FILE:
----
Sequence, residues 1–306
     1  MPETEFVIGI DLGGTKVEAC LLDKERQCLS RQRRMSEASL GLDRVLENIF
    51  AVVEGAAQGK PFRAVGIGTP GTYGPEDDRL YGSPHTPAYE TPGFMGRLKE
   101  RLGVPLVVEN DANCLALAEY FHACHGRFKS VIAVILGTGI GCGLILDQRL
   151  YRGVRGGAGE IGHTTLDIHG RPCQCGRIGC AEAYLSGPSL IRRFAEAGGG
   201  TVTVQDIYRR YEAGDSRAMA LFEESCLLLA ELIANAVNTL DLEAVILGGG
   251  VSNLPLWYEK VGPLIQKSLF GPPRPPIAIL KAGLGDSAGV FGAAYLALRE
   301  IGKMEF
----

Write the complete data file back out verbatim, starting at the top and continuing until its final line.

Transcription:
Sequence, residues 1–306
     1  MPETEFVIGI DLGGTKVEAC LLDKERQCLS RQRRMSEASL GLDRVLENIF
    51  AVVEGAAQGK PFRAVGIGTP GTYGPEDDRL YGSPHTPAYE TPGFMGRLKE
   101  RLGVPLVVEN DANCLALAEY FHACHGRFKS VIAVILGTGI GCGLILDQRL
   151  YRGVRGGAGE IGHTTLDIHG RPCQCGRIGC AEAYLSGPSL IRRFAEAGGG
   201  TVTVQDIYRR YEAGDSRAMA LFEESCLLLA ELIANAVNTL DLEAVILGGG
   251  VSNLPLWYEK VGPLIQKSLF GPPRPPIAIL KAGLGDSAGV FGAAYLALRE
   301  IGKMEF